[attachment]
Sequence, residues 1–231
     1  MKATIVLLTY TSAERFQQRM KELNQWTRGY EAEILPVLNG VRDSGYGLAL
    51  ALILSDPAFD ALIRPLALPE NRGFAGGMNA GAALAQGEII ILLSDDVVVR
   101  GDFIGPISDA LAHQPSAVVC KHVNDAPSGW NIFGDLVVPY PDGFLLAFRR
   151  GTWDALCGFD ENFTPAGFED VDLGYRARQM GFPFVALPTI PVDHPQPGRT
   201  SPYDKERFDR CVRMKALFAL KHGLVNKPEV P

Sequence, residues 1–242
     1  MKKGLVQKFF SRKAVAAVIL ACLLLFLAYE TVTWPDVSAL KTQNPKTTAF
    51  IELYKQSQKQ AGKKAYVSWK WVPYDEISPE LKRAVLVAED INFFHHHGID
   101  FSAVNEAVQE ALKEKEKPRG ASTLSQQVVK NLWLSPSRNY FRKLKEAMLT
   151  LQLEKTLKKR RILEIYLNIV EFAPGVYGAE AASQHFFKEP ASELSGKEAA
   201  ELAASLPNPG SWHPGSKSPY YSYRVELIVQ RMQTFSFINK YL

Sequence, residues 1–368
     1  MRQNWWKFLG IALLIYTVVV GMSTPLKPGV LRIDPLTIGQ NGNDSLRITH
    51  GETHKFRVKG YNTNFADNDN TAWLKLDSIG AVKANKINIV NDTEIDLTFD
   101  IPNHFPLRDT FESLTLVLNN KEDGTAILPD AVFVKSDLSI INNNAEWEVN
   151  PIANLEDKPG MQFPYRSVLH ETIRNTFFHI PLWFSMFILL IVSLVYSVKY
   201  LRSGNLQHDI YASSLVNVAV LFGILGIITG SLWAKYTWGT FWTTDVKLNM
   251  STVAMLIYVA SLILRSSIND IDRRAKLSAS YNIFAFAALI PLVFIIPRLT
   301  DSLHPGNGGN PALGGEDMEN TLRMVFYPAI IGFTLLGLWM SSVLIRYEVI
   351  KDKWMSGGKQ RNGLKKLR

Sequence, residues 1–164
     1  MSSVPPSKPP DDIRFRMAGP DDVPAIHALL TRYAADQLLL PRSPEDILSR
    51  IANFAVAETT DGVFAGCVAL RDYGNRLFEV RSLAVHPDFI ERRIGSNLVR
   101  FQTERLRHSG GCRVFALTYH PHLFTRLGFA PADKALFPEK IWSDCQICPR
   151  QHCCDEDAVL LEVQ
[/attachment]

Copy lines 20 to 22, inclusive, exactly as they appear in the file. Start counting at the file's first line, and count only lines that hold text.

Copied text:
   301  DSLHPGNGGN PALGGEDMEN TLRMVFYPAI IGFTLLGLWM SSVLIRYEVI
   351  KDKWMSGGKQ RNGLKKLR

Sequence, residues 1–164